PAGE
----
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The mutual benefits of professional mentors

Several people came up to me at an event and said, “My friend wants to meet you.” I’ve never been one to shy away from connecting to others but this was interesting. I was not accustomed to being approached by intermediaries who served as mediators. Then it dawned on me, sometimes it isn’t that people don’t have courage—it is because they are cognizant to understand that many people are not approachable and willing to take the time to share.

Dr. Froswa Booker-Drew, National Community Engagement Director for World Vision author of ‘Rules of Engagement: Making Relationships Last’ talks about the value of mentorship.

Dr. Froswa Booker-Drew, National Community Engagement Director for World Vision and author of ‘Rules of Engagement: Making Relationships Last’ talks about the value of mentorship.

It forced me to reflect on my story as a young woman in my twenties and early thirties. There were so many women I admired in my local community. Women who possessed skills I did not have but yet I desired to glean and learn from. As I reached out, some took the time to return my request. Others, in their busyness—either set appointments and never showed up or failed to return to my calls. Those events were forever blazed into my brain because I vowed never to be “that girl”—unapproachable, unwilling, unable to share my strengths, my story, my success. I wish there were things mentors would have provided. I needed people especially women to be a part of my journey to build and even break me down with the goal of rebuilding me so that I could get closer to my purpose. I made a promise to myself to myself that I would be someone different, someone who was intentional about my legacy.

The young lady appeared in my workshop and at the end , she came up to me and wanted to meet me. Several lunch appointments later, she has become an asset to me both professionally and personally.

I consider her to be the equivalent to my right arm. Her youth not only energizes me but offers a unique perspective that I don’t always have. She is gifted, talented and eager to learn. I’ve committed to her and other young people (and not so young)—to pour into their lives, to help them achieve their purpose, and to learn from my faults, failures, and fabulous moments. What seems to me at times as useless, random information is viewed by them as insightful, wise, and invaluable because in a world filled with technology, we’ve lost the ability to authentically share. We are so busy with sound bytes of information that the content that matters is lost in the abyss of scorecards, metrics, and climbing the ladder of perceived success. I am determined to have a legacy that lives beyond me that is committed to making the world better. I want to be a part of a world that creates partnerships and collaborations instead of the often negative portrayals we see in the media of pain.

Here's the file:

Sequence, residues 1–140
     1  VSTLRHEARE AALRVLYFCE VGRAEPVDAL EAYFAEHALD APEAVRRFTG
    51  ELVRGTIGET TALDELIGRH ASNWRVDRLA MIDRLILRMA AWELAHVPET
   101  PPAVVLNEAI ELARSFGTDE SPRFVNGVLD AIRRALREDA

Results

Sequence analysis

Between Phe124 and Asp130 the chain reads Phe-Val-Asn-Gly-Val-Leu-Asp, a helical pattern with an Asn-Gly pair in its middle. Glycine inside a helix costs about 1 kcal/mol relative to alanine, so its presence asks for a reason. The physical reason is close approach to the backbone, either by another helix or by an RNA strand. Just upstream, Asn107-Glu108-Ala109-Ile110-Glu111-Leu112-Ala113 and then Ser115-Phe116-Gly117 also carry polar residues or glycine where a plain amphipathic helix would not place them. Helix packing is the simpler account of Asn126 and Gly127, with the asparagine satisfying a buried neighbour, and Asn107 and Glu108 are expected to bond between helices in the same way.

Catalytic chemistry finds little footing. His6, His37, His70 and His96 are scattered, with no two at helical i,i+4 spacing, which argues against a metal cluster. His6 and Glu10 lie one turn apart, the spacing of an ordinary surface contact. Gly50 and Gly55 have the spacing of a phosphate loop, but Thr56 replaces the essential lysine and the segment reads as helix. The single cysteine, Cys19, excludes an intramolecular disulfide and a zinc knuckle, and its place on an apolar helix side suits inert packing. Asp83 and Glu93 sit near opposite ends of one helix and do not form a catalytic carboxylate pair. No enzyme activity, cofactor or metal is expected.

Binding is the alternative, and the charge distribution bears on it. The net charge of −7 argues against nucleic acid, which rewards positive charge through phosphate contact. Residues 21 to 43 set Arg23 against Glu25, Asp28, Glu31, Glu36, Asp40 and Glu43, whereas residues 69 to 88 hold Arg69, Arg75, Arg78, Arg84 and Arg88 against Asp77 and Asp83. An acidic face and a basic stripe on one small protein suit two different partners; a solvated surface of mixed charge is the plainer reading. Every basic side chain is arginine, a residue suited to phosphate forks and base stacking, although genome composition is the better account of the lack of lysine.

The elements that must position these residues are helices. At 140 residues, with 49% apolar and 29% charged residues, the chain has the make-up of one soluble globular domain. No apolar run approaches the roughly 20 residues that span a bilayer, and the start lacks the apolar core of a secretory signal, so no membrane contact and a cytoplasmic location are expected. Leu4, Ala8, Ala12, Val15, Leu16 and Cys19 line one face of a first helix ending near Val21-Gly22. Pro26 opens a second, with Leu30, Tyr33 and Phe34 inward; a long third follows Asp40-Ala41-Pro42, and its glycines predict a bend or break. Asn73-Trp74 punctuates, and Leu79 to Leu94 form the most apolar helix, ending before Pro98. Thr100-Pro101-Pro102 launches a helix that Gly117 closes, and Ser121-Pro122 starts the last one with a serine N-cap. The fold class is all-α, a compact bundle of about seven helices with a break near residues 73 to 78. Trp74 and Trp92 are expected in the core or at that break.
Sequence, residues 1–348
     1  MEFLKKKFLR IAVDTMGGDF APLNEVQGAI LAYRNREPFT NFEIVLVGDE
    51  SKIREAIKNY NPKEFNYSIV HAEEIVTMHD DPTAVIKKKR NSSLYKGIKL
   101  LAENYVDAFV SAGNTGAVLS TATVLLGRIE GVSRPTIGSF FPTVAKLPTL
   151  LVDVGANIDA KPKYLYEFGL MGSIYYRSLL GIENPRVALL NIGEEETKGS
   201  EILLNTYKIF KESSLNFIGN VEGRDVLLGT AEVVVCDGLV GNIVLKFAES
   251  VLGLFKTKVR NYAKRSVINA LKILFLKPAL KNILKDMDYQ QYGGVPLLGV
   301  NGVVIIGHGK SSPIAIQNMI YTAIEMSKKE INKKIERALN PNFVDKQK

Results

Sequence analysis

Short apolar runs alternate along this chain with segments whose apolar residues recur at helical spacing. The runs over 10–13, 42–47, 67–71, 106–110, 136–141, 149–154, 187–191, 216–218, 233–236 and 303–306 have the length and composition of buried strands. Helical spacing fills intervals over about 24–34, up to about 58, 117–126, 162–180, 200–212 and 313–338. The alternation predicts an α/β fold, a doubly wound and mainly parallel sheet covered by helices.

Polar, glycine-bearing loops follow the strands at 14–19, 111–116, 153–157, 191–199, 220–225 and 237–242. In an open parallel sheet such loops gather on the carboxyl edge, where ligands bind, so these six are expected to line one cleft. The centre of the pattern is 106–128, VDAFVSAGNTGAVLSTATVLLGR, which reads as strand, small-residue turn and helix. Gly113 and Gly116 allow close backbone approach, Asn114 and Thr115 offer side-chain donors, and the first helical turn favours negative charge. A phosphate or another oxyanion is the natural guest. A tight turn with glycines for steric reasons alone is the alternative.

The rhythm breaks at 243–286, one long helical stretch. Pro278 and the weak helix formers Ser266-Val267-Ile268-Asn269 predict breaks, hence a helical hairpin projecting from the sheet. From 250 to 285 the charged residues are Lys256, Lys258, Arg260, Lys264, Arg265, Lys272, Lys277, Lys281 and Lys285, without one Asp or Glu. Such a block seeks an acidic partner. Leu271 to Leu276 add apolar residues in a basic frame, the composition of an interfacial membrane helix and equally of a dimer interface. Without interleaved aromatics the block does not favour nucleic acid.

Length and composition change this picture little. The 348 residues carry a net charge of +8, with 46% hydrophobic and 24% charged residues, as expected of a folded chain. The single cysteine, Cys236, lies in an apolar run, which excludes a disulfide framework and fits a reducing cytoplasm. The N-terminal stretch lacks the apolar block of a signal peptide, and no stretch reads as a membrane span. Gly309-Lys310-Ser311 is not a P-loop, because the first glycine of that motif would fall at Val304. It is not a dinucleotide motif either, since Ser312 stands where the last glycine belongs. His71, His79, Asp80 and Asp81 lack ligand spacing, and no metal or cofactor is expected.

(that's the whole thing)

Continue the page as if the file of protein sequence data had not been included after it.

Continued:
If you haven’t identified your successor, now is the time.

1. What are the three things you wish you had been told professionally at the start of your career?

2. What three things do you wish you had been shared with you at the start of your career about your personal life that would have changed your life trajectory positively?

3. Who can you pour into at work or in your community that can receive the wealth of information you have to offer and can grow from it?

Even as a woman in my mid-40s, I still have mentors (some older, some much younger). Just as much as I have so much to offer, there is still so much I need to learn to further my growth. Mentoring others, as is being mentored, is mandatory for our personal reflection and continuous growth.

Follow Dr. Froswa’Booker-Drew on Twitter@Froswa